Column: Trust Wayne County’s leadership
This week my wife Renata resigned from her position in the Wayne County Treasurer’s office. Not because she wasn’t a good employee helping people avoid foreclosure of their homes, but because she recognizes, as I do, that appearance, as much as truth, can affect people’s trust in government.
The facts are that former Treasurer Richard Hathaway hired Renata on a $60,000 contract in February 2016. Subsequently, and before we were married, she accepted a full-time position in October under current Treasurer Eric Sabree at a salary of $70,000. Recently, she earned an additional raise.
It’s also true that our corporation counsel hired the treasurer’s son, Adam Sabree, in November 2016, as an entry level attorney for $58,000. Adam is a bright young man, who, in 2010, interned in the same department. He is qualified for this job. While we offered this job to several candidates who declined for various reasons, corporation counsel was happy to welcome him.
I understand that these circumstances don’t look good. And I really don’t think Richard Hathaway or Eric Sabree, both honorable public servants, put a thumb on the scale because of my relationship with Renata. What I do know is that I did not, at any time, play any role in her hiring. Likewise, the decision to hire Adam was independently made.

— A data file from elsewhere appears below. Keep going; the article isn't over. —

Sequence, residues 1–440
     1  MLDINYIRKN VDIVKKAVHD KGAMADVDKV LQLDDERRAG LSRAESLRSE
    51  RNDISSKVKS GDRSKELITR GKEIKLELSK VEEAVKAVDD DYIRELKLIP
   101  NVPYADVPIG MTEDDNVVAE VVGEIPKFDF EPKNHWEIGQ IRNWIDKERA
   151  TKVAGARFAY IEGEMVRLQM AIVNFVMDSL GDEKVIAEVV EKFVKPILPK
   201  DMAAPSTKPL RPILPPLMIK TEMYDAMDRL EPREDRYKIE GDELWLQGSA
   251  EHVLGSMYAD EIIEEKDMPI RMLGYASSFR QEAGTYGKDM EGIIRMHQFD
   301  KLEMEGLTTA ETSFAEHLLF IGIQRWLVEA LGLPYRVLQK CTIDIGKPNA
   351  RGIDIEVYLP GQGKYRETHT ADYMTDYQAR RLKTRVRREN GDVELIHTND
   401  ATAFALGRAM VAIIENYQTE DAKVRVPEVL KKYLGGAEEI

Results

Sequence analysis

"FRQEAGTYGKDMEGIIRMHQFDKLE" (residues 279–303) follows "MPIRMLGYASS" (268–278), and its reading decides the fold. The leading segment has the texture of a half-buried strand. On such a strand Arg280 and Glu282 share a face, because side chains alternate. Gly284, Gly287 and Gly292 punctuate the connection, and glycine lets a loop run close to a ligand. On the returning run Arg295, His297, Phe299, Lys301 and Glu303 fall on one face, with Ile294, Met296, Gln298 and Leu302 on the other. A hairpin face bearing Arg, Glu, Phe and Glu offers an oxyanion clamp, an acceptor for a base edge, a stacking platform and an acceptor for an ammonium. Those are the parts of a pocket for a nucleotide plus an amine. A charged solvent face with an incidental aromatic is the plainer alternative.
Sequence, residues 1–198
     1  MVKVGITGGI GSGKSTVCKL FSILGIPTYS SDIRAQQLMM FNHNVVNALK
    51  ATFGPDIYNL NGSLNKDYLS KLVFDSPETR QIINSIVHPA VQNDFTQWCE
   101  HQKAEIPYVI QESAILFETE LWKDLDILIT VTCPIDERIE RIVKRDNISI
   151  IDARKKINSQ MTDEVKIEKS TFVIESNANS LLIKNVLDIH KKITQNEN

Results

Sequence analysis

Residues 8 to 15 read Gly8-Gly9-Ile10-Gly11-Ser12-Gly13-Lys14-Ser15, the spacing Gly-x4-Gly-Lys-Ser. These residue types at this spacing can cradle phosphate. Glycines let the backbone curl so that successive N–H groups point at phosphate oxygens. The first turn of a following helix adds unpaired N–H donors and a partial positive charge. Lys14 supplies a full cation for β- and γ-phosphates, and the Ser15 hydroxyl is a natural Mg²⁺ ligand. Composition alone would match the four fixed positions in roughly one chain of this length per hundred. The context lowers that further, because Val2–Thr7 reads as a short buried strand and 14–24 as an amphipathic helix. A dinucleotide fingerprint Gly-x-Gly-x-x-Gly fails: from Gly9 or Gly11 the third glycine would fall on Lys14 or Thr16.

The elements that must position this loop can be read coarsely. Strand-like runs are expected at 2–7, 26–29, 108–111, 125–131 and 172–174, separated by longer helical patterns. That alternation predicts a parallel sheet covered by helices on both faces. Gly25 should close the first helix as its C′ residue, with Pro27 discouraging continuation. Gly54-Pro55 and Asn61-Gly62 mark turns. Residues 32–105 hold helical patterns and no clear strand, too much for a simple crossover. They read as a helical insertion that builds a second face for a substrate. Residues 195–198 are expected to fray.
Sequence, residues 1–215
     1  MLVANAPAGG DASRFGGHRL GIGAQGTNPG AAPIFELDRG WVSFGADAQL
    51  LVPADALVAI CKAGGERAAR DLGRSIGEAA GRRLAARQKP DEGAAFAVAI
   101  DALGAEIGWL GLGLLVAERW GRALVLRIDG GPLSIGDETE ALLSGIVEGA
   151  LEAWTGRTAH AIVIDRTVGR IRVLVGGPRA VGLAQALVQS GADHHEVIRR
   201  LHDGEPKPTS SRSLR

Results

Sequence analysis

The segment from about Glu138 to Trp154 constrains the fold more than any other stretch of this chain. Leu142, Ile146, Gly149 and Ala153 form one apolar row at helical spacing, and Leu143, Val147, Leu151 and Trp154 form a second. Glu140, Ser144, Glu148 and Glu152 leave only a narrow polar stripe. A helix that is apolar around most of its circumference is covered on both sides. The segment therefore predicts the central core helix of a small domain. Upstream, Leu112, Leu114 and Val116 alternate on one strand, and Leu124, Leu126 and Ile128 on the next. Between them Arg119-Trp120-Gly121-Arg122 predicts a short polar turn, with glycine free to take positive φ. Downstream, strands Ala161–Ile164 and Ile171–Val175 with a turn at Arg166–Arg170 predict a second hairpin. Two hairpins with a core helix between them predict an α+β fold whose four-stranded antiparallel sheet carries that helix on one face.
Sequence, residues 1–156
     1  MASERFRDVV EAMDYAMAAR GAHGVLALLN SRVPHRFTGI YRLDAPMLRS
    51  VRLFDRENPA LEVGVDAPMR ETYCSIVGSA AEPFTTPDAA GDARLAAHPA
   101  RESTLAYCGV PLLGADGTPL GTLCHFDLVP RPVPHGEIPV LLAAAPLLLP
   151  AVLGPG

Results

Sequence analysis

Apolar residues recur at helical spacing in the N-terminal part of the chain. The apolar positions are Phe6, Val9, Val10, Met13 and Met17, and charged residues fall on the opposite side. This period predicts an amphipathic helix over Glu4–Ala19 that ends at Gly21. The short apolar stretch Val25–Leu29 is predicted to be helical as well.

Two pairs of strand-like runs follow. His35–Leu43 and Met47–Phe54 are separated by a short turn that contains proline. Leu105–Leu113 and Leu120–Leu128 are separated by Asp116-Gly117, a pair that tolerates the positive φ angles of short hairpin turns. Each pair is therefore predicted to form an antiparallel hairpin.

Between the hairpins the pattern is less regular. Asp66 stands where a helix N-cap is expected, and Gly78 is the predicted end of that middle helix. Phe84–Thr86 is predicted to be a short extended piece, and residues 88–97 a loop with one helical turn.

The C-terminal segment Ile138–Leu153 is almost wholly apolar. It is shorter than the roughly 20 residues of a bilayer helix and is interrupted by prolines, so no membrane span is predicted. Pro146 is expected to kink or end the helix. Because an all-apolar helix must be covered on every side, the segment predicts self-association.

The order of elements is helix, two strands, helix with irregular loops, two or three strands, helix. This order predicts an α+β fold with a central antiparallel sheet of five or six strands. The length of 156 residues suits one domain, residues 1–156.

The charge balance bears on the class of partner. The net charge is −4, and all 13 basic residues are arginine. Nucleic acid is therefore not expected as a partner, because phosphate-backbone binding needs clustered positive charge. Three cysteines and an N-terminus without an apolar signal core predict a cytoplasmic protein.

In hindsight, I wonder, should I have dissuaded Renata from applying? Should I have intervened to tell an independently elected constitutional official whom not to hire within their approved budget? Maybe, but I didn’t. I thought it best to stay out of it. So, I did.
I trust that Hathaway and Sabree evaluated Renata’s credentials and experience. I trust they came to the same conclusions as I did . She’s a passionate, hard-working person who draws on life lessons and years of community work and service. The treasurer has defended her work. I, too, defend my wife and don’t appreciate her character being called into question.
I understand, though, that this does not change the appearance because of whom she married. Sometimes, a responsible public leader must remove even the appearance of impropriety, even if it does not actually exist, to maintain the public’s confidence in the government he leads.
Wayne County needs to continue to rebuild the public’s trust. I think we’re doing this as we restore fiscal responsibility and good government. Considering the recent past in Wayne County, appearances do matter. I hope people will fairly review these facts and understand our efforts to act honorably throughout this difficult situation.
Warren C. Evans is the executive of Wayne County.